“History, ecology, music, myth … the local and the universal. This is beautiful and important work.” (David Almond, author of Skellig and Kit’s Wilderness)
Of all the richly multifarious projects encompassed by Kathryn Tickell’s nearly 30-year career to date – including collaborations with Sting, The Chieftains, Penguin Café Orchestra, Evelyn Glennie and Andy Sheppard –Northumbrian Voices is perhaps the one she was born to create. Interweaving songs, tunes and spoken-word narrative, performed by a six-strong cast spanning three generations, it leads listeners on a magical, moving, humbling and often hilarious journey through the culture and lore of her family’s native North Tyne Valley: the very heartland of her world-renowned prowess on the Northumbrian pipes, and as a fiddler and singer.
While the genesis of Northumbrian Voices– originally premièred in September 2011, and now captured live on CD – arguably dates back to Kathryn’s early childhood, as she grew up absorbing the district’s traditions first-hand from family and neighbours, it grew to fruition after she began transcribing dozens of conversations and musical exchanges with those same local denizens, lovingly if scratchily preserved on cassette as she’d learned her craft.
“As I wrote down the words,” Kathryn recalls, “sometimes rewinding the tape many, many times to decipher a particularly difficult or uproarious bit, I found myself laughing out loud, crying, and, most of all – remembering. Several of the people were no longer alive, and it was simultaneously wonderful and devastating to hear their voices again. Others are very much part of the modern world, and I knew I wanted to continue working with these words until I had something I could share.”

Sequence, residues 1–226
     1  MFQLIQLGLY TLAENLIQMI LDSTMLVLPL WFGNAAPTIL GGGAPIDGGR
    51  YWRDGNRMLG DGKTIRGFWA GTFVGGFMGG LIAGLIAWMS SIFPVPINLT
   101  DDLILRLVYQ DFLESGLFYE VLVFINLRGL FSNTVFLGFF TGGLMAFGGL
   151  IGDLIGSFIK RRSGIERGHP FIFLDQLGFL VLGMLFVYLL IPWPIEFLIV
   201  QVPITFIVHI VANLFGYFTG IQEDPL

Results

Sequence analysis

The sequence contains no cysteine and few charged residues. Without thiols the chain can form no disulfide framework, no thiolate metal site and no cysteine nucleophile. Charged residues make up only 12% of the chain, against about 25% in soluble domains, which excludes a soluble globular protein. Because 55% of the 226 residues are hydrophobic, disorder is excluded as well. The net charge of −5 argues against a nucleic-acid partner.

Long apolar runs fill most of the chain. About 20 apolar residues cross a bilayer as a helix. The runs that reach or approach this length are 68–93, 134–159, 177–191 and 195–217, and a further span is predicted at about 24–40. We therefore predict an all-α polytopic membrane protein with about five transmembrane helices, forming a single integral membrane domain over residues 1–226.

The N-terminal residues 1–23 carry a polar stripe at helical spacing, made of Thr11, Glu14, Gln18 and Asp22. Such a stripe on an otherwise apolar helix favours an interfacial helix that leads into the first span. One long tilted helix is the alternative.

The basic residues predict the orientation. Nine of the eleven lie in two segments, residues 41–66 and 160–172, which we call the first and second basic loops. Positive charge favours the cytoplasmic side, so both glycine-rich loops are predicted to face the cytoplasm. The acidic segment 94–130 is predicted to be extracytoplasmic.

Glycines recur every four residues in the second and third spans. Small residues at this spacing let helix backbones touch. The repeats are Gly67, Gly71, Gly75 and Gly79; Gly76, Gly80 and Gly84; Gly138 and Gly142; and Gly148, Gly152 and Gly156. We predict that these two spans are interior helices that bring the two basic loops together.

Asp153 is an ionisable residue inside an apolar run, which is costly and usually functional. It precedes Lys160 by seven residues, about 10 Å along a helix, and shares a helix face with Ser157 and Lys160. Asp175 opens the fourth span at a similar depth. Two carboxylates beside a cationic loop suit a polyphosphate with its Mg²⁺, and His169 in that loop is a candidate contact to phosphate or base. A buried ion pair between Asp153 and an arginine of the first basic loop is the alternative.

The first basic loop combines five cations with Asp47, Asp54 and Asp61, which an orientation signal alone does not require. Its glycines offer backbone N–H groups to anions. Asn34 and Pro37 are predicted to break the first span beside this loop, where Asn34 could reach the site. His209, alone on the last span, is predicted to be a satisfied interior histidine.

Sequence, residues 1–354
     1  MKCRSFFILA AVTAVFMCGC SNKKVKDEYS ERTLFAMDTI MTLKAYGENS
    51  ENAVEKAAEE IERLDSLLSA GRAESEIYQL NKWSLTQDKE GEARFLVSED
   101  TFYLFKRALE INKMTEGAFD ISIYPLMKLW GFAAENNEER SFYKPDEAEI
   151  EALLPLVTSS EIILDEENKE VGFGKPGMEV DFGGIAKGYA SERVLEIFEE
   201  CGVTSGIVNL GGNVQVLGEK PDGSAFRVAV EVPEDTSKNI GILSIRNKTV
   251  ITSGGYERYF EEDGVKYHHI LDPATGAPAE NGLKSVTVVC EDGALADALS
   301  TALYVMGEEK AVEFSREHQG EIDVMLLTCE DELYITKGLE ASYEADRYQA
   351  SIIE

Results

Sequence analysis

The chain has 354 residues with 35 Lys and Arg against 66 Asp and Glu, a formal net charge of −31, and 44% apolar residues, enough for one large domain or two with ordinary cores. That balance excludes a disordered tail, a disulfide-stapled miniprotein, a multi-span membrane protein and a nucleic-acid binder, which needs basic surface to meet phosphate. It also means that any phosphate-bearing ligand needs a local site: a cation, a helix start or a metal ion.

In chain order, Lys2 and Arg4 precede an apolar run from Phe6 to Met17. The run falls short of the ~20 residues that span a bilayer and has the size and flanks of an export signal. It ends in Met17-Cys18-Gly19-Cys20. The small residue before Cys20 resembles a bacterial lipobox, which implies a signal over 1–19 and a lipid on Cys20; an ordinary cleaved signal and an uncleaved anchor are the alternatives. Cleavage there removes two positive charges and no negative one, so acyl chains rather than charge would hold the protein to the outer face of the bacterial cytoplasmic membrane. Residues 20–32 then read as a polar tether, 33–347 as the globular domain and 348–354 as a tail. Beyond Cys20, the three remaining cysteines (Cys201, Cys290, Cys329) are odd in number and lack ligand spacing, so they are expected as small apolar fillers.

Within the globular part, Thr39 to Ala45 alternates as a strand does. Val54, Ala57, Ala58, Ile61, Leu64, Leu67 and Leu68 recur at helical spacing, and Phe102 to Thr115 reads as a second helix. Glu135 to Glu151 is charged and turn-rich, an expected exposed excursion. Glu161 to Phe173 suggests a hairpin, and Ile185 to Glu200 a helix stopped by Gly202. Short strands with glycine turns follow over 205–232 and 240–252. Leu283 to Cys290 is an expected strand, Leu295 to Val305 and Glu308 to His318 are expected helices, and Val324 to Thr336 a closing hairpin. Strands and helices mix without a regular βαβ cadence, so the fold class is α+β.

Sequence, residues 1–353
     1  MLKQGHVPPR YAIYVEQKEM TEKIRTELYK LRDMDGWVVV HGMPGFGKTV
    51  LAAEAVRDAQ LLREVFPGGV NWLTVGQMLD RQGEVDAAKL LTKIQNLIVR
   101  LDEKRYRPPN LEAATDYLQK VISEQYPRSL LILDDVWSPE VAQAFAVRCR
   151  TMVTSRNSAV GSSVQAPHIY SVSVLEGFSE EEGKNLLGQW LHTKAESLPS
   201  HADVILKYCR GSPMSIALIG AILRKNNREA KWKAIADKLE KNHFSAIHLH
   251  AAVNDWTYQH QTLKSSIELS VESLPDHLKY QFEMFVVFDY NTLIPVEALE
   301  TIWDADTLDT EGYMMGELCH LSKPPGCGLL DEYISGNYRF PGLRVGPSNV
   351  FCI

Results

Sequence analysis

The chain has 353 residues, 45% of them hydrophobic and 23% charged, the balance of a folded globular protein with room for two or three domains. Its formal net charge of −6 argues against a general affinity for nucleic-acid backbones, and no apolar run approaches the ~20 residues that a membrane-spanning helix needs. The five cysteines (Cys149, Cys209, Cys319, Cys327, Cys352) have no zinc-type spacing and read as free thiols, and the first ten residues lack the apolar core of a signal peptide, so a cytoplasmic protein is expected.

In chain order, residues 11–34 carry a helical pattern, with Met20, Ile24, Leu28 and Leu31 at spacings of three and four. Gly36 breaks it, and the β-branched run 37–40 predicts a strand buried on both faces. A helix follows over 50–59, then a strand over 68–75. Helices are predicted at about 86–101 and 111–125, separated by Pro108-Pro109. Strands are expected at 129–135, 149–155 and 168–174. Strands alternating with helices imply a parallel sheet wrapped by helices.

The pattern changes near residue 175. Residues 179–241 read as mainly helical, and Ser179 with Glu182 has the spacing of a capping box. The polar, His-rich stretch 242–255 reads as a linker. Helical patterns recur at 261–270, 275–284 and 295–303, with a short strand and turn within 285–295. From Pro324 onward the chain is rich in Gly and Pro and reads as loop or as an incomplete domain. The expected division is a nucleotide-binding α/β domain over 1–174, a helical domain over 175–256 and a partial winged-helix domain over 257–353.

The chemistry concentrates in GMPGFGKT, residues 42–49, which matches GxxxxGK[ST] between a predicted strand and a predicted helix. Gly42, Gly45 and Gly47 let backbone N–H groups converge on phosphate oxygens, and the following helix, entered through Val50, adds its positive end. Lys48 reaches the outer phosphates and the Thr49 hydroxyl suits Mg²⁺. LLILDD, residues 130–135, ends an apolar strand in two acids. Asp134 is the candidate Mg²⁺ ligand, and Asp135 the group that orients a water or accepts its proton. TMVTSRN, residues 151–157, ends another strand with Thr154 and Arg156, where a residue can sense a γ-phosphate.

As her conception took shape, “somewhere between a concert and a play”, she teamed up with award-winning Newcastle-based director Annie Rigby, assembled her hand-picked line-up – past and present Kathryn Tickell Band members Julian Sutton (melodeon) and Kit Haigh (guitar/voice); rising folk stars Patsy Reid (fiddle) and Hannah Rickard (voice/fiddle), and Kathryn’s septuagenarian Dad Mike Tickell (voice) – and crafted the words into a multi-dimensional dialogue with the music woven through them.
In the words of one Scottish reviewer, following a sellout performance at Glasgow’s Celtic Connections festival, Northumbrian Voices encapsulates the experience and self-expression of “people who live on the land, and who earn their living from it. People who know their surroundings as they know the back of their hand … And people who, within living memory, would walk miles to play for five bob at a Saturday night dance.” Just as the featured music combines traditional, contemporary and original material, these voices both enshrine the past and speak to the future, eloquently transcending their particular locale to evoke the timeless cycles, necessities, hardships and consolations that still shape human existence everywhere.
It’s the latest creative homecoming in Tickell’s increasingly illustrious and globe-trotting career, which has seen her performing from New York to Kampala, traversing genres from jazz and world music to large-scale orchestral works, and in 2009 receiving the Queen’s Medal for Music. Live and studio projects exploring and cultivating her bountiful native heritage have been a constant throughout, however, and in Northumbrian Voices, that soil remains as fertile as ever.